Big New Ideas: The Best Gig for a Legal Marketer

“Any idea can be a great idea if you think differently, dream big and commit to seeing it realized.”
– Richard Branson

I would consider myself an idea person. It’s not a gift. I see it as experience coupled with enthusiasm, curiosity, and most importantly, a complete understanding of how to execute. Surrounding yourself with other idea people and consistently exercising the muscle helps too. Given the nature of the role, legal marketers must be skilled at generating new ideas and supporting other ones across the firm. At Lenczner Slaght, our marketing team is fortunate to have more new ideas than we can execute on. We also understand that our team’s superpower (and how we deliver our value) is having the ability to execute big ideas.

First things first, how do you decide which new ideas are worth pursuing? Past that, how do you plan and implement? A legal marketer must be selective, do their due diligence, and only advance the ideas with the most potential for success.

A few years ago, at Lenczner Slaght, our marketing team was approached by two female partners with a simple new idea – develop lists of female lawyers that you could confidently refer work to. Six months later we launched ReferToHer™. What follows is a portion of our process – the considerations we made to ensure that this particular idea would be one we could all be proud of for years to come.

  • Develop a go/no go process. This is a typical step in the RFP process but there is good reason to adopt a similar process for any big new idea at a law firm. At the very least, you want to gauge whether your idea will be successful and whether you have the right resources to execute it. If you have time and resources, it’s best to develop a series of evaluation factors (e.g., experience, resources, cost, etc.) and see how your idea measures up to each one.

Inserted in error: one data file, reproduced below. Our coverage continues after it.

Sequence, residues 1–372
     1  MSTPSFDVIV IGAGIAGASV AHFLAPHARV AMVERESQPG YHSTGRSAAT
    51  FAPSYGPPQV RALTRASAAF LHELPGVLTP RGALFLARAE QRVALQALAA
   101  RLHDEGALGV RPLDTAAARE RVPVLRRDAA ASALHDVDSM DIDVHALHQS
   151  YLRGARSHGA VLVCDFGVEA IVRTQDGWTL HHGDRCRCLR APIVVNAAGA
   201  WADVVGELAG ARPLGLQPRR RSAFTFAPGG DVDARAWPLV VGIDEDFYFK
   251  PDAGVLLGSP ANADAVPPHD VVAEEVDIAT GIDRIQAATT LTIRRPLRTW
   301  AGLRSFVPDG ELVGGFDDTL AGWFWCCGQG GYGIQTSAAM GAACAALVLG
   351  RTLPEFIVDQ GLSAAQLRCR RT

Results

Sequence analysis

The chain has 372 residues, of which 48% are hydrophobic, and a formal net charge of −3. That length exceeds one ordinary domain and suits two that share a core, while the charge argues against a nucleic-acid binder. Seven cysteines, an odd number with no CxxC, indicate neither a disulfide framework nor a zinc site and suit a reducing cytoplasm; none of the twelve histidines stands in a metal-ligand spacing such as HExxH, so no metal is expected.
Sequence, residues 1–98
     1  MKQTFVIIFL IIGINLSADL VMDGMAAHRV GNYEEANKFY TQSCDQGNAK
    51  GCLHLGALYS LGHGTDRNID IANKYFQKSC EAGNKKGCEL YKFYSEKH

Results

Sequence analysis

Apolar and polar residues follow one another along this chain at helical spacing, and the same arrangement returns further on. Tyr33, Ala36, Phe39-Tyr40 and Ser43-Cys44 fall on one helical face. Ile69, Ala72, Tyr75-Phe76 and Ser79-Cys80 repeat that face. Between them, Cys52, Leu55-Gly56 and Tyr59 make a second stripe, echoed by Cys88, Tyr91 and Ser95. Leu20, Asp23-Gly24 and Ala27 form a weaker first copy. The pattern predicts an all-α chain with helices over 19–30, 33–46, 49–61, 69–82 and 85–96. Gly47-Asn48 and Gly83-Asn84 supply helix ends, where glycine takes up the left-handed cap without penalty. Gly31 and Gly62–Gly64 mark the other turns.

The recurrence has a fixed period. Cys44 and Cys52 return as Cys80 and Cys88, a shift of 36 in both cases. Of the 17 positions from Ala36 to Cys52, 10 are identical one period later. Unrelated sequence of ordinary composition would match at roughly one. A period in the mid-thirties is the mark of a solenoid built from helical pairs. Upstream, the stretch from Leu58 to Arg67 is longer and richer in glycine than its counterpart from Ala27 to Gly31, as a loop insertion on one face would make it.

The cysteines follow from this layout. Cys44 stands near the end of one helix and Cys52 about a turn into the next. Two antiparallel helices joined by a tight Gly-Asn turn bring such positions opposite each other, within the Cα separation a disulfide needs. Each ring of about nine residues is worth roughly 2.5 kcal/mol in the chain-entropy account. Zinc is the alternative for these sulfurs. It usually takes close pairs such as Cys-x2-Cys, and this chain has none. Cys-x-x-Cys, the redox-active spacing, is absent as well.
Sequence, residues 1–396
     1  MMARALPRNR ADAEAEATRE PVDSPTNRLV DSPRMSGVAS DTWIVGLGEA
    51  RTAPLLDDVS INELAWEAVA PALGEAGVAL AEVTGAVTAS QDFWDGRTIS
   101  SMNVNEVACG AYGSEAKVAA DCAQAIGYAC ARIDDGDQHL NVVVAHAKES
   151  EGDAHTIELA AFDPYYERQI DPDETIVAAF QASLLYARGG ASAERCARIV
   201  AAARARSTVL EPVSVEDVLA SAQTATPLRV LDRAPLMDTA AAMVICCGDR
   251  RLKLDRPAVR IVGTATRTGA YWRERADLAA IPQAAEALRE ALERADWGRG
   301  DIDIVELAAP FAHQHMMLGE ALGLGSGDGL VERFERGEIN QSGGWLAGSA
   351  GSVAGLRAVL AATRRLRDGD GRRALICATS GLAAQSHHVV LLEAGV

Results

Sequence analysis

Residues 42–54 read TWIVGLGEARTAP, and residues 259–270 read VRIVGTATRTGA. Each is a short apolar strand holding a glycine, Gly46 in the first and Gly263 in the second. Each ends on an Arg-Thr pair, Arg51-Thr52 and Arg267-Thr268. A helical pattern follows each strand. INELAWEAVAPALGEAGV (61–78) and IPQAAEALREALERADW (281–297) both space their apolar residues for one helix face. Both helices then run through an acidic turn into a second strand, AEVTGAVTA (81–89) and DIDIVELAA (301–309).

• Consider your strategic plan (and other functional plans). The firm’s strategic plan highlights the vision and includes high-level goals and objectives. A functional plan, like an annual marketing plan, for example, prioritizes those projects and programs that will be accomplished throughout the year. While both are critically important, neither of them are natural outlets for big new ideas. That being said, they set the tone and should be well understood so that when the new ideas do roll in, a legal marketer can easily decipher a good idea from a bad one.
  • Keep your brand top of mind. New ideas must be aligned to the firm’s brand. Consider how the idea complements your existing brand and then consider if the idea will allow you to push it even further. Does the idea provide you with a new branding opportunity – perhaps to enter a new market or to establish yourself in front of a new audience? Brands can (and should) grow but, overall alignment is essential.
  • Plan, organize, and master execution. The key to any big new idea is proper planning. Give yourself time to critically assess the idea and work out how you’ll execute it. Describe your idea in plain language. Scope out your goals and objectives. Develop key messages. Determine your people and financial resources. Think through your deliverables, action items, timelines, and sort out who is responsible for what in the short-term and long-term. Document everything. This process will help you make decisions, lots and lots of decisions. Most importantly, doing it right, will significantly reduce your risk of failure.